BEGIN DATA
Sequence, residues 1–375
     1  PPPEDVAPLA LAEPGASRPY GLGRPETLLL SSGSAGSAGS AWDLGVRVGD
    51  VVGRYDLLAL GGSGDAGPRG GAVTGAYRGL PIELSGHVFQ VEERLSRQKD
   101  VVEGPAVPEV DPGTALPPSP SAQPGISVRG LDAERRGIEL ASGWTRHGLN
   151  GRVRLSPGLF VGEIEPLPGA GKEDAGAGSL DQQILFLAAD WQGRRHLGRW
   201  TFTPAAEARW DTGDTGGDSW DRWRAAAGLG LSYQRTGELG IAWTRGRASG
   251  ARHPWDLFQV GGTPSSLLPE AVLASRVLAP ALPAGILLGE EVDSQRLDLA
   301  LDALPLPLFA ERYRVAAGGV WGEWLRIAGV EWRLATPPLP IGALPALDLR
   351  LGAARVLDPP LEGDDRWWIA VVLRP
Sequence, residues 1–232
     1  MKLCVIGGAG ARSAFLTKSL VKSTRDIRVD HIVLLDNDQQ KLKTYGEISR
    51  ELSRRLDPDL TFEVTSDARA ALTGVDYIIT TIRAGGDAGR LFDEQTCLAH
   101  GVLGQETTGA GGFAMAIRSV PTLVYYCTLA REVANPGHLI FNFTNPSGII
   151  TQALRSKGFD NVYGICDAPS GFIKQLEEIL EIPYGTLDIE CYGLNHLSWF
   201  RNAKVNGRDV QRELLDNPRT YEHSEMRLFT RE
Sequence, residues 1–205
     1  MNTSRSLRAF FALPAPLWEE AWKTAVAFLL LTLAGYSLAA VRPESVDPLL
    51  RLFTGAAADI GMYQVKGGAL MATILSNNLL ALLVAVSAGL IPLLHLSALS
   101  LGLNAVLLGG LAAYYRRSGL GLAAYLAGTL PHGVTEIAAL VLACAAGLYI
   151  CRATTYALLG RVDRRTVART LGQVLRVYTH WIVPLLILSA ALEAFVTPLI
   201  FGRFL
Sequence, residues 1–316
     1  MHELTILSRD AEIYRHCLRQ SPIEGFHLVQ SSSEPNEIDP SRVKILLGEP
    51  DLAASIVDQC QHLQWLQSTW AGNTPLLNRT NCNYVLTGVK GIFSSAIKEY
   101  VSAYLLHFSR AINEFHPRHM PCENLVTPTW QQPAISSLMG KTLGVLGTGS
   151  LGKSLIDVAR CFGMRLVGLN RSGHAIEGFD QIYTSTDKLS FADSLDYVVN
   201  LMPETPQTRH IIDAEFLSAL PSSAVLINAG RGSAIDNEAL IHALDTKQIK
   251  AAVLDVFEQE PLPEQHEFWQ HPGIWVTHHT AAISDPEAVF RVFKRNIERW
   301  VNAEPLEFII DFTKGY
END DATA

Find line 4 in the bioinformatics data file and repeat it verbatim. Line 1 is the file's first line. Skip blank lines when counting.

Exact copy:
   101  VVEGPAVPEV DPGTALPPSP SAQPGISVRG LDAERRGIEL ASGWTRHGLN